Mathematical models of RNA interference in plants

Neofytou, Giannis (2017) Mathematical models of RNA interference in plants. Doctoral thesis (PhD), University of Sussex.

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Abstract

RNA interference (RNAi), or Post-Transcriptional Gene Silencing (PTGS), is
a biological process which uses small RNAs to regulate gene expression on a
cellular level, typically by causing the destruction of specfic mRNA molecules.
This biological pathway is found in both plants and animals, and can be used
as an effective strategy in defending cells against parasitic nucleotide sequences,
viruses and transposons. In the case of plants, it also constitutes a major
component of the adaptive immune system. RNAi is characterised by the ability
to induce sequence-specific degradation of target messenger RNA (mRNAs) and
methylation of target gene sequences. The small interfering RNA produced
within the initiated cell is not only used locally but can also be transported
into neighbouring cells, thus acting as a mobile warning signal.
In the first part of the thesis I develop and analyse a new mathematical model
of the plant immune response to a viral infection, with particular emphasis
on the role of RNA interference. The model explicitly includes two different
time delays, one to represent the maturation period of undifferentiated cells,
and another to account for the time required for the RNAi propagating signal
to reach other parts of the plant, resulting in either recovery or warning of
susceptible cells. Analytical and numerical bifurcation theory is used to identify
parameter regions associated with recovery and resistant plant phenotypes, as
well as possible chronic infections. The analysis shows that the maturation time
plays an important role in determining the dynamics, and that long-term host
recovery does not depend on the speed of the warning signal but rather on the
strength of local recovery. At best, the warning signal can amplify and hasten
recovery, but by itself it is not competent at eradicating the infection.
In the second part of the thesis I derive and analyse a new mathematical
model of plant viral co-infection with particular account for RNA-mediated
cross-protection in a single plant host. The model exhibits four non-trivial
steady states, i.e. a disease-free steady state, two one-virus endemic equilibria,
and a co-infected steady state. I obtained the basic reproduction number
for each of the two viral strains and performed extensive numerical bifurcation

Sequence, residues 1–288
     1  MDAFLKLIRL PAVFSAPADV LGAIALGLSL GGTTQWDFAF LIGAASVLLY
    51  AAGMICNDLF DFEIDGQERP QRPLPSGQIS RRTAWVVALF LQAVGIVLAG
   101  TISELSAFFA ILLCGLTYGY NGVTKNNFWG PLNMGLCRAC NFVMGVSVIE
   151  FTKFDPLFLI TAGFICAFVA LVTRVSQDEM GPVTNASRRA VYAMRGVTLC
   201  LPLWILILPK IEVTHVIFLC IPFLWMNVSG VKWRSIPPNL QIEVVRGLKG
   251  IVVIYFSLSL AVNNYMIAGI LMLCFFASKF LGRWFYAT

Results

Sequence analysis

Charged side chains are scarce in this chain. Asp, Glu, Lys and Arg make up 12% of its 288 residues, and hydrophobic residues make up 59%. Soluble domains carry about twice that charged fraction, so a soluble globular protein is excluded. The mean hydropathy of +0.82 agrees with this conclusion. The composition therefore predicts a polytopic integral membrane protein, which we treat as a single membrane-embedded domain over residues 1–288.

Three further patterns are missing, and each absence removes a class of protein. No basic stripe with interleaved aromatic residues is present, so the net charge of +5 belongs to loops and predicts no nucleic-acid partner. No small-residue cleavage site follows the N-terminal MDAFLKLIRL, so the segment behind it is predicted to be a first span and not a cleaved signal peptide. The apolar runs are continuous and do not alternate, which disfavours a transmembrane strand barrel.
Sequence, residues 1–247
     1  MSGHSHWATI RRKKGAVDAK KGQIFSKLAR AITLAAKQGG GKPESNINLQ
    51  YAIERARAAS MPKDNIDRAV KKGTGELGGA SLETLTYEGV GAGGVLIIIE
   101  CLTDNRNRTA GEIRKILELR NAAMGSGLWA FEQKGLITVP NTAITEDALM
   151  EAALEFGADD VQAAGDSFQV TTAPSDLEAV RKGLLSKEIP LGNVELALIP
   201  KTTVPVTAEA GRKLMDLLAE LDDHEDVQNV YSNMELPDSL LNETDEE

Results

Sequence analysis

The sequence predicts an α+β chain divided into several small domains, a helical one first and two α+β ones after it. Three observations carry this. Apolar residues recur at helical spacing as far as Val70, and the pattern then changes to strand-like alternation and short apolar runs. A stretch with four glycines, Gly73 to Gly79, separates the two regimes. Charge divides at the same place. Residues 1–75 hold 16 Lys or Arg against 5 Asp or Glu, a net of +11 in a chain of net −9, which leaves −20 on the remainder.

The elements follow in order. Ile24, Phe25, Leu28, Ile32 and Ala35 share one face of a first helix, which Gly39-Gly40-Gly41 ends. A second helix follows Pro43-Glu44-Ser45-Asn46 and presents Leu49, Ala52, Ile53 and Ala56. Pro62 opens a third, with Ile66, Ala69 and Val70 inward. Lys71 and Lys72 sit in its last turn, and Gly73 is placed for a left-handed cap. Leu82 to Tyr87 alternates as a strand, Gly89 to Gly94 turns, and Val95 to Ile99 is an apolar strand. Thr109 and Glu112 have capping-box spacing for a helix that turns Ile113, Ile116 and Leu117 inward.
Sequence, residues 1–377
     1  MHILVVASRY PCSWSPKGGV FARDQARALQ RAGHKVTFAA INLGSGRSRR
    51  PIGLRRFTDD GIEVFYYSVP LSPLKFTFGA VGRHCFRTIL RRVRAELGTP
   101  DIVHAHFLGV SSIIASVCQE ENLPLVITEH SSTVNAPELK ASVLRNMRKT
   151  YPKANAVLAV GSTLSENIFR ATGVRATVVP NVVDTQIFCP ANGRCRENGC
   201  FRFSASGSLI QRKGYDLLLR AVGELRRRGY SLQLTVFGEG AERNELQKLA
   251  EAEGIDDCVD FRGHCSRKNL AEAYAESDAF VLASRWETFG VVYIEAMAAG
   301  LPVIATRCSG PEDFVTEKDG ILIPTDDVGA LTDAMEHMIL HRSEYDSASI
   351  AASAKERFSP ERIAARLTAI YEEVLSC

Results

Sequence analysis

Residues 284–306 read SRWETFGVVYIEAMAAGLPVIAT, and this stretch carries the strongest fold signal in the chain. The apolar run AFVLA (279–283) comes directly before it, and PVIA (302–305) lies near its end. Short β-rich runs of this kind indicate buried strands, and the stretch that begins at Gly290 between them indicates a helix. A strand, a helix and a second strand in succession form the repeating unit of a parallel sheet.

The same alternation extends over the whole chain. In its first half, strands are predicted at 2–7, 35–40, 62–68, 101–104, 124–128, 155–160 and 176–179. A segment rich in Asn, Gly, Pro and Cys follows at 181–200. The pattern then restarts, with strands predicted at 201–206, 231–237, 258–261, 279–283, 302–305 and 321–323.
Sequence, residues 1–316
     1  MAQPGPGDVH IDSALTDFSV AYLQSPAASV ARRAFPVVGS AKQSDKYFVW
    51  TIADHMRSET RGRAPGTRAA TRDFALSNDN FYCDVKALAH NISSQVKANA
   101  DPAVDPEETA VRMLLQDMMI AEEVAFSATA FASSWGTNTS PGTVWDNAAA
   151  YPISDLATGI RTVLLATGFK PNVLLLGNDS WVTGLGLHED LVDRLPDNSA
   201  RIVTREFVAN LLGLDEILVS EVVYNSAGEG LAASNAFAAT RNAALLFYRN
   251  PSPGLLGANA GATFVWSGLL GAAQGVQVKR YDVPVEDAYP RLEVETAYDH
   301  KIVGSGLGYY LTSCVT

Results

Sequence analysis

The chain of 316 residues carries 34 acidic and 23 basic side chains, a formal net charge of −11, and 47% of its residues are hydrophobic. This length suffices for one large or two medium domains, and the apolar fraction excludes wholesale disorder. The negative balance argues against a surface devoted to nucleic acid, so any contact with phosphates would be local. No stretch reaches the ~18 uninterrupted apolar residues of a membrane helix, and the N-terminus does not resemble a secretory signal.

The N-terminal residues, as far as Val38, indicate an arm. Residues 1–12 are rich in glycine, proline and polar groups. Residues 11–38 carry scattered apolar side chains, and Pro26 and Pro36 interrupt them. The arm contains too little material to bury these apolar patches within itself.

analysis to investigate the stability of all steady states and identified parameter
regions where the system exhibits synergistic or antagonistic interactions
between viral strains, as well as different types of host recovery. The results
indicate that the propagating component of RNA interference plays a significant role
in determining whether both viruses can persist simultaneously, and
as such, it controls whether the plant is able to support some constant level of
both infections. If the two viruses are sufficiently immunologically related, the
least harmful of the two viruses becomes dominant, and the plant experiences
cross-protection.
In the third part of the thesis I investigate the properties of intracellular
dynamics of RNA interference and its capacity as a gene regulator by extending
a well known model of RNA interference with time delays. For each of the two
amplification pathways of the model, I consider the cumulative effects of delay
in dsRNA-primed synthesis associated with the non-instantaneous nature of
chemical signals and component transportation delay. An extensive bifurcation
analysis is performed to demonstrate the significance of different parameters,
and to investigate how time delays can affect the bi-stable regime in the model.

Item Type: Thesis (Doctoral)
Schools and Departments: School of Mathematical and Physical Sciences > Mathematics
Subjects: Q Science > QH Natural history > QH0301 Biology > QH0426 Genetics > QH0438.4 Special aspects of the subject as a whole, A-Z > QH0438.4.M33 Mathematics
Depositing User: Library Cataloguing
Date Deposited: 29 Mar 2017 08:49
Last Modified: 29 Mar 2017 08:52
URI: http://sro.sussex.ac.uk/id/eprint/67207

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